He turned 8 in May. That means 7 years ago, inside the pediatrician’s exam room, we answered “no” to all of the common development and milestone questions. You know the ones, “Is he crawling? Is he walking? What words can he say? Is he pointing at things? Is he sitting up?”. We answered no to so many of them that I think the pediatrician gave up on asking any more. We were referred to Ohio’s Help Me Grow program and the snowball began.
We had evaluations and home visits and it was determined that he needed therapy services, so because he was so young, we could go somewhere local and get him involved in a group setting and have weekly home visits to work one-on-one. That first visit at home, I was shown how to help him get on his hands and knees and to help keep him in that position, to encourage him to crawl. Yes, at 13 months he wasn’t crawling yet. But then he did. Four hours after that home visit, he crawled all on his own. Again, the snowball kept on rolling.
Through the years, we have gone to weekly therapy appointments, a number of tests to try and find a cause (and we have no answers still), group therapy, different therapists, schedule changes. It’s been SEVEN years of this.
We’ve also done the IEP thing.
Now, I shared the speech therapist issue so if you’re a regular reader you understand all of that. But what I haven’t shared is much more personal and deep.
This time around, we pursued the testing to see if Brenden qualified for an IEP because of a specific learning disability. It turns out, he does not. Because of the testing, which is more involved and includes adaptive behavior skills and IQ testing, we learned a good number of things about him. Things that will help him in school, at home, and in the community.
We learned that Brenden qualified for a new IEP because he has a cognitive disability.
Cognitive disability (mental retardation) is a term used when a person has certain limitations in mental functioning and in skills such as communicating, taking care of him or herself, and social skills. These limitations will cause a child to learn and develop more slowly than a typical child. Children with cognitive disabilities (mental retardation) may take longer to learn to speak, walk, and take care of their personal needs such as dressing or eating. They are likely to have trouble learning in school. They will learn, but it will take them longer. There may be some things they cannot learn.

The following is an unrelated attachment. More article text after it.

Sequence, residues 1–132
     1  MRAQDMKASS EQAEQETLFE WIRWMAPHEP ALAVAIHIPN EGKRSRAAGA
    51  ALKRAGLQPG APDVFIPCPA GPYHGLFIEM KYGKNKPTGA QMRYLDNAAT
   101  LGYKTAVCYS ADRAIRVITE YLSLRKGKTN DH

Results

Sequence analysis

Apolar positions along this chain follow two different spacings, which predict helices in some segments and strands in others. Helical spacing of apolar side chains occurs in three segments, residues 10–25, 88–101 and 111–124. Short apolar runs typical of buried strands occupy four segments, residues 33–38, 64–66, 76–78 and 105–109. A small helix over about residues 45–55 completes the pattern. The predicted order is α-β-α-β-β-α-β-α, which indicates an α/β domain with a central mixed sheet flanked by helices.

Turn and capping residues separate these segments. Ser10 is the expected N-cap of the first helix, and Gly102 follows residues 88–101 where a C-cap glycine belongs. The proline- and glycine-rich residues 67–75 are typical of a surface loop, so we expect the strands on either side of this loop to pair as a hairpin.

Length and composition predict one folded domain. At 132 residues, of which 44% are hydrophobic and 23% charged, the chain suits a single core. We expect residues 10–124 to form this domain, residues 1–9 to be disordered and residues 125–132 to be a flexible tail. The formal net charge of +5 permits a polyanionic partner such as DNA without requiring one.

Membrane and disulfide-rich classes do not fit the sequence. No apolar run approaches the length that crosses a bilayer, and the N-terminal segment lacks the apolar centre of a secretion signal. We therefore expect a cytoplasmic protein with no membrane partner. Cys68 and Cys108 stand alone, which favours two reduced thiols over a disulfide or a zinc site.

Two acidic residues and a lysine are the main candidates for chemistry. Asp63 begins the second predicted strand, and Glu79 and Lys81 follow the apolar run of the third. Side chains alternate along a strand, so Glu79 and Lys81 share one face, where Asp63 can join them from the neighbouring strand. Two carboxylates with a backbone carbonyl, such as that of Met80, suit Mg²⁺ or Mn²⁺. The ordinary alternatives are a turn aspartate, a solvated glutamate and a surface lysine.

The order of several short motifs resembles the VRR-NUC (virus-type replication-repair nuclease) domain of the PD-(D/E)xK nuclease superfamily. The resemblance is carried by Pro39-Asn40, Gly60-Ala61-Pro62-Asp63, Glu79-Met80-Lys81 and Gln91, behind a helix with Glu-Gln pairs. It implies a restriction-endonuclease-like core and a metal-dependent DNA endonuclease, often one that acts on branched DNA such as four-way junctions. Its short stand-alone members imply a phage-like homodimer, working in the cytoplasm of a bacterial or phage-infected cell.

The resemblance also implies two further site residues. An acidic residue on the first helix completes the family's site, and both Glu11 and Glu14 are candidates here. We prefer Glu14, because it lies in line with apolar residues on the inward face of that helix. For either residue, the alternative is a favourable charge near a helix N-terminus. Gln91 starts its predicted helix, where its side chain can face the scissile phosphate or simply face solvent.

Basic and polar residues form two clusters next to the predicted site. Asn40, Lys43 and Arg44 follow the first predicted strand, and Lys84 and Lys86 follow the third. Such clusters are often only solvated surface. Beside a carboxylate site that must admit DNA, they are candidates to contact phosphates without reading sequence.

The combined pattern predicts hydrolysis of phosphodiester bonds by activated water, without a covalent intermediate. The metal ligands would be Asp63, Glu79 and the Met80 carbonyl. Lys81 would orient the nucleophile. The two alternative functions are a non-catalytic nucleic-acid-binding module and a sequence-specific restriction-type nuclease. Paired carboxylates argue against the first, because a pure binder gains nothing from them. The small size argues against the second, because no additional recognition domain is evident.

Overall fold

It’s easier to share the definition than to write it out. The snowball is now so big, that it’s just a bone-crushing avalanche. Reading the new eligibility category was like having thousands of pounds of weight pressing down on top of me, smothering me.
For so long we’ve been under the classification of “speech/language impairment”, which is so simple (definition wise) to understand why: because of the articulation problems that he has. But now that we have IQ tests, and know there are several areas of social and self-help needs that need assistance, I feel like… I don’t know.
I’m not a bad mom. I can’t be. I’ve spent 7 years going to and from therapy. I let strangers come into my home in those early days. We’ve taken him for blood tests, x-rays, brain MRI’s, EEG’s, genetic testing. We took him to horse riding lessons because we were told it might help him. We’ve dealt with this stupid speech therapist issue and IEP’s.
But I feel like the worst mom ever. How did I not know sooner? Why didn’t we test for this sooner? Did I do something when I was pregnant? Did something happen during the birth? Yes I know there are things out of my control, but maybe if I had done X, Y, Z, or A, B, C didn’t happen…
I’ve said it. I’m “out of the closet”. My 8 year old, who made me a mom, is mentally disabled.
But mentally disabled is not who he is. He’s a LEGO building, video game fanatic, a top-bunk sleeping, NERF gun shooting, dog chasing, brother wrestler. He drives me nuts one minute, and then makes me so damn proud with his LEGO building (as in, finally following the directions to build real things – a helicopter, a golf cart). I’ll dig out from this avalanche (this emotional mess that I am) and we’ll take this on. I’ve said it a million times, but “God will never give you more than you can handle”.